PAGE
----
Contra Costa Supervisors Approve Budget Containing Funding Cuts for Health Programs
As expected, the Contra Costa County Board of Supervisors on Tuesday unanimously passed a $1.1 billion spending plan for fiscal year 2004-2005 that calls for "deep cuts" to the county Health Services Department to help address a $53.5 million budget deficit, the Contra Costa Times reports. In total, the supervisors cut $34.2 million from local social services programs, largely by eliminating 504 jobs, 141 of which will be layoffs. The health department faces funding cuts totaling $18.8 million and the elimination of 220 positions, 130 of which will be layoffs. Together, more than 80 health services will be cut. The county's psychiatric emergency services office will lose 25 clinicians and five staff members, while the psychiatric ward at the Contra Costa Regional Medical Center will lose about 15 workers (Russell, Contra Costa Times, 6/30). The budget also calls for the closure of one operating room at the hospital. The original proposal had called for the closure of two ORs, but supervisors delayed the closure of the second room (Vega et al., San Francisco Chronicle, 6/30). Hospital management and labor leaders will have six weeks to find a way to keep the second OR open. The budget also reduces testing for sexually transmitted diseases, including HIV/AIDS, and cuts programs for communicable diseases and tuberculosis. In addition, supervisors also eliminated funding for 21 beds at alcohol and other drug detoxification centers and eliminated funding for 16 recovery beds (Russell, Contra Costa Times, 6/30). Unless specified, most of the budget cuts are set to go into effect this week, the Times reports (Chang, Contra Costa Times, 6/30).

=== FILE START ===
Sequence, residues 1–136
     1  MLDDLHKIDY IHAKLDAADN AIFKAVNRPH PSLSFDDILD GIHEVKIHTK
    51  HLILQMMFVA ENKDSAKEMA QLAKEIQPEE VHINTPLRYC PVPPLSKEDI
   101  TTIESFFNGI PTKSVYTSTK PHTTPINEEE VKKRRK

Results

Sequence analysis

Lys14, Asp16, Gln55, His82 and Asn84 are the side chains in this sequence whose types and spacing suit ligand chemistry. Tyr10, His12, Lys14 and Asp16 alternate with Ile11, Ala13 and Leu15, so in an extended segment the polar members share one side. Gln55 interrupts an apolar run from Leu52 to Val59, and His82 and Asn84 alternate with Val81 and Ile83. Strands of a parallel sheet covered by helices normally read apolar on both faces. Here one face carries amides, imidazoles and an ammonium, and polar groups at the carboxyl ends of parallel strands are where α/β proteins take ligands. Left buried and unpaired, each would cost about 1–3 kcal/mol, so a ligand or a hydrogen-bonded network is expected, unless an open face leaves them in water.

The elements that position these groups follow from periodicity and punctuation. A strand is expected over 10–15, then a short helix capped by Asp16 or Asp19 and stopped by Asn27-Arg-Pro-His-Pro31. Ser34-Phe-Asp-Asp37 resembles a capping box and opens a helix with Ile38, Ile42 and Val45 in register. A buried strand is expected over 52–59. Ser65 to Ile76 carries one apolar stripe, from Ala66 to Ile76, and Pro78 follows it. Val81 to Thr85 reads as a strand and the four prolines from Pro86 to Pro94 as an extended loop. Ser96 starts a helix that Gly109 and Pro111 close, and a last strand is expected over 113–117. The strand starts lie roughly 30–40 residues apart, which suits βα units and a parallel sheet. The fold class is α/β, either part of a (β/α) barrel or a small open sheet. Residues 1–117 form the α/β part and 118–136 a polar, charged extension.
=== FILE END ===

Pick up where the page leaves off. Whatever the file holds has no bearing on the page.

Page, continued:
As part of their approval of the budget, supervisors agreed to review efforts to maintain services at the George Miller Centers in Richmond and Concord, which annually serve about 450 people with developmental disabilities (Chang, Contra Costa Times, 6/30). Last month, the board gave 60 days' notice to the Department of Developmental Services' regional centers program that the county would not renew its contract to provide services to people with developmental disabilities and their families. The Miller centers, which provide the services, receive about 66% of their funding through the state's regional centers program and the remainder from the county (California Healthline, 6/29). On Tuesday, supervisors postponed closure of the centers until Dec. 1 to give county officials, patient advocates and not-for-profit agencies time to develop plans to maintain services at the centers. Health department Director William Walker said supervisors set the December deadline to encourage quick action, the Times reports. He added, "If there are reasonable issues, we'll come back to the table." However, Gina Jennings, co-chair of the task force seeking to maintain services at the centers, said, "In order to do things correctly, a five-month transition plan is inappropriate, unrealistic and irresponsible" (Chang, Contra Costa Times, 6/30).
Prior to the vote, about 50 protesters marched through downtown Martinez to urge supervisors to support "care not cuts." Rollie Katz, an official for Public Employees Union Local 1, said that the cuts fall disproportionately on county health services and supervisors could have distributed funding cuts more evenly across county departments, according to the Times. Supervisor Mark DeSaulnier said, "We have some awful, awful (decisions) to make, but we keep reminding you that this isn't going away." County Administrator John Sweeten said, "It's not a pretty picture," noting that the county could have to cut an additional $9.3 million to $20 million from its general fund budget later this summer to account for expected state funding cuts to be enacted when the state budget is passed. In approving the budget, the supervisors voted unanimously to try to avoid future budget problems by directing staff members to examine the budget preparation process. Possible solutions include starting the process earlier, working with five-year economic projections and establishing a reserve fund (Russell, Contra Costa Times, 6/30).This is part of the California Healthline Daily Edition, a summary of health policy coverage from major news organizations. Sign up for an email subscription.